Veterinary Public Health

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Veterinary Public Health Program
313 N Figueroa St. Rm 1127
Los Angeles, CA 90012
Tel (213) 288-7060
Fax (213) 481-2375
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Healthy Pets Healthy Families - Bite Prevention

 Back to Healthy Pets Healthy Families (HPHF)



Pets can be a lot of fun for the whole family and provide many benefits. However, it is important to stay safe around dogs and remember that, in certain situations, any dog may bite.

Our program monitors dog bites in Los Angeles County (LAC) and we receive over 9,000 animal bite reports each yearpdf icon 1. However this is just the tip of the iceberg. National surveys indicate that between 1 to 1.8 percent of the US population are bitten each year, so it is clear that bites are under-reported.


  • Children 9 years old and younger are more frequently bitten by dogspdf icon 2

  • Most often, people are bitten by a dog they know, not strays

  • Many bites occur at the dog's home, but some occur when a dog gets off its property

  • Bites can occur when someone misread a dog's behavior or when dogs become too excited or fearful

What can you do to reduce dog bites in Los Angeles County


  • Never approach a dog that you don't know

  • Always monitor children around dogs, even if it is your own pet or a dog you know. Children are frequently not able to recognize cues from the dog indicating that it's anxious or scared and therefore more likely to bite

  • Always keep your dog on a 6-foot leash when taking it for a walk. Maintain control of the dog at all times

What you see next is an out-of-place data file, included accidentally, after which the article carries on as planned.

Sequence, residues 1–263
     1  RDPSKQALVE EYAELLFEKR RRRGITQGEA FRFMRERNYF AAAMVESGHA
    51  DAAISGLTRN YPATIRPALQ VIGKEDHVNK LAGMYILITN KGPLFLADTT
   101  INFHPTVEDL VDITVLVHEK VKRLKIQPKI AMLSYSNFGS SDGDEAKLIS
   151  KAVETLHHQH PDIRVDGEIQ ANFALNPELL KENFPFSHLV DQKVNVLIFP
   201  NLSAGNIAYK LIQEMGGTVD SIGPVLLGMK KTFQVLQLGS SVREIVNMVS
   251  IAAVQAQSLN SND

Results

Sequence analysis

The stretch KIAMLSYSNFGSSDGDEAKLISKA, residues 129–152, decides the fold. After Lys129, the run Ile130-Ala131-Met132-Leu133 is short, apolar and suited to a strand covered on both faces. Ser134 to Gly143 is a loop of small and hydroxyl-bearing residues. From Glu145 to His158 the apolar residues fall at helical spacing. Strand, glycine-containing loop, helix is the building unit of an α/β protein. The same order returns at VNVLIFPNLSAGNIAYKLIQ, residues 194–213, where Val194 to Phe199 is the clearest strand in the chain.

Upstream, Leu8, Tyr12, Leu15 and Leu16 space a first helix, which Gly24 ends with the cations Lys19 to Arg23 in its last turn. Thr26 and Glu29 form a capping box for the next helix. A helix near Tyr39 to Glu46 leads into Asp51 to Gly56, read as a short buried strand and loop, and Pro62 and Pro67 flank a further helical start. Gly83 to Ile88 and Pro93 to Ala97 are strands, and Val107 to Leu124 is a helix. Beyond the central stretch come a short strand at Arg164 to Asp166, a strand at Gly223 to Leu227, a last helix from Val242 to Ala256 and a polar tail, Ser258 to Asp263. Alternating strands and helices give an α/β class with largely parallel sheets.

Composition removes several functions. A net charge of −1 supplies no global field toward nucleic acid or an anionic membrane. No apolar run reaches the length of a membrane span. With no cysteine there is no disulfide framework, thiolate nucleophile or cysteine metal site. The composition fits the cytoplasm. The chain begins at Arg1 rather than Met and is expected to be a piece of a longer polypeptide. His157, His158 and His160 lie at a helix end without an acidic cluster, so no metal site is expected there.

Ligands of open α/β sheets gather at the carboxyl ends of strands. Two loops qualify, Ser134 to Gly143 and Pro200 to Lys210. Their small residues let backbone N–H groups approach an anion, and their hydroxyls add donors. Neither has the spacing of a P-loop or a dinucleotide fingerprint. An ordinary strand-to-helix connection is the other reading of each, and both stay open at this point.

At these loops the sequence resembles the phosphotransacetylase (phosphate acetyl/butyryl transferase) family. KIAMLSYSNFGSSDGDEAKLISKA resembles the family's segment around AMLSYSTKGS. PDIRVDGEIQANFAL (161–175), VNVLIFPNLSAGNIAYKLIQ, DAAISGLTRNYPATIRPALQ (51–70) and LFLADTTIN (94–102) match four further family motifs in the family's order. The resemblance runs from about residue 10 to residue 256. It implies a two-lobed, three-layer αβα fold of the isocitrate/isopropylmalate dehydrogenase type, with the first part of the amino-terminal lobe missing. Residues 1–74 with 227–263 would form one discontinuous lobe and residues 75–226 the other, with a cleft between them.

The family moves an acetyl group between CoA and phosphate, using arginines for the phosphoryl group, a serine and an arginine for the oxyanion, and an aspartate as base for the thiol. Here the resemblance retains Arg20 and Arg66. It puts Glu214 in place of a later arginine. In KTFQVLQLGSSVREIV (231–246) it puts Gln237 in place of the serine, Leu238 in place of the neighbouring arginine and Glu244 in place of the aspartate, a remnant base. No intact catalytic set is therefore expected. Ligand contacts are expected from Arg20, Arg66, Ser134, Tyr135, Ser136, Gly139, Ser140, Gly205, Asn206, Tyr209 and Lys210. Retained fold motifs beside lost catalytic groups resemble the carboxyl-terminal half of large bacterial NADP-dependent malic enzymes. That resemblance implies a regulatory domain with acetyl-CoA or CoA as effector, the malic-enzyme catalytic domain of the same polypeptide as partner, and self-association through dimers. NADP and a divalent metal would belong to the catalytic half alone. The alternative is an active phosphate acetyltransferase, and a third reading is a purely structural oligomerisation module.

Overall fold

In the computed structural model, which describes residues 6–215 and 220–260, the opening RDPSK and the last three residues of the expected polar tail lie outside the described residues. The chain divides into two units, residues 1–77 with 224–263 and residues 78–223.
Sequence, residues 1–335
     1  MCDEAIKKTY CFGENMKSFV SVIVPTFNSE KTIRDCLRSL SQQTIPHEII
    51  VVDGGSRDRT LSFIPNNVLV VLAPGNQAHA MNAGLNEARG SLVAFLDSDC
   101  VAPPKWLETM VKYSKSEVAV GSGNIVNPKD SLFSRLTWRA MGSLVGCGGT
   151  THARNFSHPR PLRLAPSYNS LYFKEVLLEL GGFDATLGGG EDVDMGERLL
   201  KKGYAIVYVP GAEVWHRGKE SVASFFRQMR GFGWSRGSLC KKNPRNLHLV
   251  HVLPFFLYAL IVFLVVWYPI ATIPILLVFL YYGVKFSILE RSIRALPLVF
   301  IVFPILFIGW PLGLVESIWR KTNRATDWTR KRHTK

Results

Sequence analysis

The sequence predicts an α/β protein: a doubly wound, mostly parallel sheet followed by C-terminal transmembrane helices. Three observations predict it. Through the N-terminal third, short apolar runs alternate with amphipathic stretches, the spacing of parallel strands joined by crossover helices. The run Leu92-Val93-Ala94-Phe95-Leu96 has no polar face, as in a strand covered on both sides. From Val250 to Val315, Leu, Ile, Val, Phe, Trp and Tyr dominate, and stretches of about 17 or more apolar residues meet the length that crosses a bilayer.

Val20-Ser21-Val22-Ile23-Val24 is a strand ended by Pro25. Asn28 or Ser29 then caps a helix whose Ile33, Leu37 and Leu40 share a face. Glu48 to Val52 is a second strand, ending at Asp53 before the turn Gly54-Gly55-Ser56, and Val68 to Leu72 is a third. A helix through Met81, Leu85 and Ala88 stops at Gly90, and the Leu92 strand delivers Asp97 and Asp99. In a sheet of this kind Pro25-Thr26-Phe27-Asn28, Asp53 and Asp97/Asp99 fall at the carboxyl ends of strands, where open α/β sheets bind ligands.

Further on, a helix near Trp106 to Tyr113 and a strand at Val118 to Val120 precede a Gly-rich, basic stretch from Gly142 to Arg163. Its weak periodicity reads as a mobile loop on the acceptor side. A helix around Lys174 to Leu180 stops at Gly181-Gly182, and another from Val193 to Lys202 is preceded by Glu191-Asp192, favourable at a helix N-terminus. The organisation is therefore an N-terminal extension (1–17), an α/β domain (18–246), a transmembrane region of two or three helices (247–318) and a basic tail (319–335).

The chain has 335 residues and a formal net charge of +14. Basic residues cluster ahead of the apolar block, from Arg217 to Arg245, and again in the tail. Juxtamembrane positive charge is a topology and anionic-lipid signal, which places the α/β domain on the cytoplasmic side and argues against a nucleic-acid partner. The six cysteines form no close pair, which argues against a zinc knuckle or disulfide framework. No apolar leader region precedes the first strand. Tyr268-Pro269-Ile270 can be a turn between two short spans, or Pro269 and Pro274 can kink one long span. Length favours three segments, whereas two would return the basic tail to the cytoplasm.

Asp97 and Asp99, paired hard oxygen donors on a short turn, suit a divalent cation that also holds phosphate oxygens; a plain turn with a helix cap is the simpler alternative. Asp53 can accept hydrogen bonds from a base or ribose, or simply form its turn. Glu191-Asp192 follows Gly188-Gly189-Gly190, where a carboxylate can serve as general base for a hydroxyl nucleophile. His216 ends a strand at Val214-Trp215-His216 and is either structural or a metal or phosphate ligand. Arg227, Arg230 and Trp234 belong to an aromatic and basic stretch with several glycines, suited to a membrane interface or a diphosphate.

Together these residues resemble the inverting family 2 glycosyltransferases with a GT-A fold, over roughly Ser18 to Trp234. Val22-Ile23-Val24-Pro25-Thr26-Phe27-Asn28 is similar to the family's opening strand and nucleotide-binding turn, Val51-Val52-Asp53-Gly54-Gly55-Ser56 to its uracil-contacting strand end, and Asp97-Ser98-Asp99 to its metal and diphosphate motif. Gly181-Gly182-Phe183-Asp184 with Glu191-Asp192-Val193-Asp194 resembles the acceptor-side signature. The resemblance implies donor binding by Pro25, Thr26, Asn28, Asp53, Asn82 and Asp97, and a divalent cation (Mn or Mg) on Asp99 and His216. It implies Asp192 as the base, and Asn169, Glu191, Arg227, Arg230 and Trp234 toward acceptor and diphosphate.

• Respect your pet's space. Don't startle them, especially when they're sleeping

  • Teach your children that strange dogs may not like them - not all dogs are friendly like the one you own

  • Secure your yard so that your dog can't go roaming and meet strangers

  • Properly train your dog to be obedient. Consult with your veterinarians or an animal trainer for more information


What the HPHF coalition does to prevent dog bites in Los Angeles County


In our county, anyone with knowledge of an animal bite should report it to our offices (reporting forms are online here) so we can rule out rabies exposure. Generally, pets are quarantined at home for 10 days. If the animal is healthy 10 days after the bite, there is no risk of rabies. The risk of rabies in local dogs and cats is very small but we still want to protect pets and people against this disease.
VPH and our partners with the 2020 Healthy Pets Healthy Families Initiative (HPHF) are also very active to provide education in our community education to prevent dog bites, especially in schools.


More useful information about bite prevention


Last updated: February 2, 2017

Public Health has made reasonable efforts to provide accurate translation. However, no computerized translation is perfect and is not intended to replace traditional translation methods. If questions arise concerning the accuracy of the information, please refer to the English edition of the website, which is the official version.
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